Farmer with tractor seeding crops at field

It has been a relatively normal winter in Minnesota this year as in years past. There wasn’t a ton of snow and much if not all of it has already melted away, which hasn’t led to flood concerns this year.

The conditions bode well for farmers this spring planting season. Since it was a short winter, farmers are optimistic they can begin planting their crops earlier this time around than in previous years, but there are still some unknown factors.

“It’s really going to be dependent on how much rain we get the next couple of weeks to determine when everybody is going to be able to get into the field,” said Karen Johnson, University of Minneosta Extension educator for Meeker and McCloud counties.

Johnson believes that if everything stays on course, farmers should be able to start planting as early as mid-April. Right now, farmers are beginning to apply fertilizer and their small green seed. For the last two years, there hasn’t been any planting done until May because of the snow.

That is a big difference for a farmer who grows oats and wheat. Those are cool season crops and need to be planted in April so they can get the right amount of heat to grow. If exposed to too much heat, the crop can be damaged.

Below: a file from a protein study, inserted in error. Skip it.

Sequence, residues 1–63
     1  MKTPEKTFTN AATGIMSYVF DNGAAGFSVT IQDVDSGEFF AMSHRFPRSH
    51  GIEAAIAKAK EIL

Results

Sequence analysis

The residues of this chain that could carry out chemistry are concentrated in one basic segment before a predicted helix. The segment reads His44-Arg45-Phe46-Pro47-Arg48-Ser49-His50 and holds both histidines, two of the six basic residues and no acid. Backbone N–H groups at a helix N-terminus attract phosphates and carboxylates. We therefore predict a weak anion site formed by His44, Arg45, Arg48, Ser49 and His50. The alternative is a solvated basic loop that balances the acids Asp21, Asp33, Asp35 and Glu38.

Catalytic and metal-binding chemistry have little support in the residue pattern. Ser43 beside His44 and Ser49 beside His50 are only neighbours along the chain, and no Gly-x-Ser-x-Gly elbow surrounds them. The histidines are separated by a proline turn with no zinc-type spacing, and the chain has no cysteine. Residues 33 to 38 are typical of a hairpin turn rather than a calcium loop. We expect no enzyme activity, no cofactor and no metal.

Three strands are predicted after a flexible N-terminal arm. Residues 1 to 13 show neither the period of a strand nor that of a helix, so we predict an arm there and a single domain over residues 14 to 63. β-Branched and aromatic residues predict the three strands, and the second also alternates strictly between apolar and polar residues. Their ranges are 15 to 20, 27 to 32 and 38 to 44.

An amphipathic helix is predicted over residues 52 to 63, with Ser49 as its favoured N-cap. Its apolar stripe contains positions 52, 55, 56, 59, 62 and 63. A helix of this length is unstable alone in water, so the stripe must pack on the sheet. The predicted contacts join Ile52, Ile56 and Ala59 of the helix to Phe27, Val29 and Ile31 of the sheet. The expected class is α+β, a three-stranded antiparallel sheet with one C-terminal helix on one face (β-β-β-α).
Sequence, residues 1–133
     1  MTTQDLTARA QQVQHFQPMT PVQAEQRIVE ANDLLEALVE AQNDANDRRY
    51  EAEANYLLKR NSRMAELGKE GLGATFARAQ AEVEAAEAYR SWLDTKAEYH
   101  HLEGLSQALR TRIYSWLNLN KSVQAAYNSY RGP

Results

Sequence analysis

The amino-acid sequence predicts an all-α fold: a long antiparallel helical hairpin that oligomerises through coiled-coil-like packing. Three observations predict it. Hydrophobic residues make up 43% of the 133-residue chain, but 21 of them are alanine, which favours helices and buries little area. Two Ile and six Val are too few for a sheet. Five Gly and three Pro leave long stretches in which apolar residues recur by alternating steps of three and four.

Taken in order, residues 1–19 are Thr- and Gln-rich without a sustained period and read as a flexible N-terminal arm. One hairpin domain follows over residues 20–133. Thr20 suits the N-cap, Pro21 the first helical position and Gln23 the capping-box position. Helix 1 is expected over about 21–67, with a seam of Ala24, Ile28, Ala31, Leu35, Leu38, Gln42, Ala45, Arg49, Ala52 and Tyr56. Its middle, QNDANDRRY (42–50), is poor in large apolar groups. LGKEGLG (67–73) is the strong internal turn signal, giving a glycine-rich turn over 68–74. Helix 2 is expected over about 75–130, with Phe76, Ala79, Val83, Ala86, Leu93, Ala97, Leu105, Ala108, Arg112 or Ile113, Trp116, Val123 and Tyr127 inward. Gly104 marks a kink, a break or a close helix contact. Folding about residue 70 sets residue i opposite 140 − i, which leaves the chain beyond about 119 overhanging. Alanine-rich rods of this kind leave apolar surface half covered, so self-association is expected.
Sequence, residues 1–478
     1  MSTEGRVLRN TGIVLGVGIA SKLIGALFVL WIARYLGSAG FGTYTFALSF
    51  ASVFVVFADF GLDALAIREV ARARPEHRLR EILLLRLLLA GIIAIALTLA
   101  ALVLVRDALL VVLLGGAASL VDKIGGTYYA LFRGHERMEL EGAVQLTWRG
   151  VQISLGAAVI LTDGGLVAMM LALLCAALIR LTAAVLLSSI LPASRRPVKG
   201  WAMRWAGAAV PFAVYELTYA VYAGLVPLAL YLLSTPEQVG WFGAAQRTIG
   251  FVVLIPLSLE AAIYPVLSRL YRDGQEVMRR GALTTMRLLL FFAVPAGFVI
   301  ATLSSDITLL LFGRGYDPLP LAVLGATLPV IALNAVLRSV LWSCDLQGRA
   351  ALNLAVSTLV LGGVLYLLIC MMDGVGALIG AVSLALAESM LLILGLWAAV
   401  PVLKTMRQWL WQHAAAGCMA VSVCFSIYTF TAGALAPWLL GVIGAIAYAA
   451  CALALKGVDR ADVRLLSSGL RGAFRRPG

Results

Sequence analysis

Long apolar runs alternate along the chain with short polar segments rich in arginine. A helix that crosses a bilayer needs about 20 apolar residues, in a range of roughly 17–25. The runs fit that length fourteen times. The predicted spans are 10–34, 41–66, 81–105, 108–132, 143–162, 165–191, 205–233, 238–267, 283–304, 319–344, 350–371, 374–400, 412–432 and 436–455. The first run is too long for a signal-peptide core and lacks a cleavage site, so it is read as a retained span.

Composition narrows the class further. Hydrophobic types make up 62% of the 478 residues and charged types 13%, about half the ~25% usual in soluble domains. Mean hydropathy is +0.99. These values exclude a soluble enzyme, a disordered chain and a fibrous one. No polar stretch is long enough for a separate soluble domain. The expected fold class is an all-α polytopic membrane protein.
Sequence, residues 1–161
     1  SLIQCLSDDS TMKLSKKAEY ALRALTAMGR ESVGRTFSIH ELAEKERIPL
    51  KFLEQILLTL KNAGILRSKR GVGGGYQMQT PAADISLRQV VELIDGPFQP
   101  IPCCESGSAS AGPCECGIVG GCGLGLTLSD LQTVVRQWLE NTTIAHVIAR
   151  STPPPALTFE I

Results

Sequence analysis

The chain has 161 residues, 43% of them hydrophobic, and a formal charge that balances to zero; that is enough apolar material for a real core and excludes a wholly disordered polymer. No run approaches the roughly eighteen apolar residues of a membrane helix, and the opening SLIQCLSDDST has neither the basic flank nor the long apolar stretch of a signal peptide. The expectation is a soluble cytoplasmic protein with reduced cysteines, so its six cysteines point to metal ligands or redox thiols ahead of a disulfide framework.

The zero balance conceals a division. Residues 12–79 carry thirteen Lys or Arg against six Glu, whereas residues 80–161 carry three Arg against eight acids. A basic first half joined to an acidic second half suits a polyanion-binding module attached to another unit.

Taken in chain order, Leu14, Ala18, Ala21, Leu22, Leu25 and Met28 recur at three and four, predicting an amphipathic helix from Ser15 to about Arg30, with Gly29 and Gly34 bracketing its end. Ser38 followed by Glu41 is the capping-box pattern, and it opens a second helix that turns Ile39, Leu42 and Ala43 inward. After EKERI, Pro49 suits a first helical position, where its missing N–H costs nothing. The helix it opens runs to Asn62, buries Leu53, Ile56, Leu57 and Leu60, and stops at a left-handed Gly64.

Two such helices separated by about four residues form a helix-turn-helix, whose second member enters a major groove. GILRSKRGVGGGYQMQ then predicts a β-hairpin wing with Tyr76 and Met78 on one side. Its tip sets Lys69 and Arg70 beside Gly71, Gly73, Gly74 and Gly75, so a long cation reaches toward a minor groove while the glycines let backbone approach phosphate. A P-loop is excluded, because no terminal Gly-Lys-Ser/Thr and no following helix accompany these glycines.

“You’re behind the eight-ball from day one,” Bryan Thalmann, co-owner of Thalmann Seeds in Plato said of late winters.

But as the weather warms up, that doesn’t look like it should be a problem this season. Farmers are still waiting for the next week or so to see how much more rain there will be, but the top soil is nearly ready for planting.

“It’s going to take a bit for the field to properly dry out before spring work starts,” Thalmann said. “But I think because of those different rains, we had some thawing weather back in February and it helps to break apart some surface clouds that are on top of the soil. I think when we start working in the fields, the grounds will be quite nice.”

With the spread of the COVID-19 pandemic, many businesses have been forced to shut down. But Thalmann said that the agriculture business has been “attempting to proceed as normal as possible.”

“Agriculture has to move on,” he said. “We can’t put things on hold for three weeks and then start blending in at a later date.”

Another big challenge for some farmers are travel restrictions for goods coming into the country. Thalmann is expecting corn and soybean seed to arrive from South America within the next 30 days, but he’s not sure whether it will be allowed to cross the border or not.

“Just lots of uncertainty,” he said.

To stay updated on information ahead of the spring planting season, farmers should look to the Extension, where local educators specific to corn and soybean production post up-to-date information, according to Johnson.

“I know a lot of local producers have crop consultants that they work with,” Johnson said. “They’re excellent resources as well to help further address any issues that might pop up here early into the growing season.”

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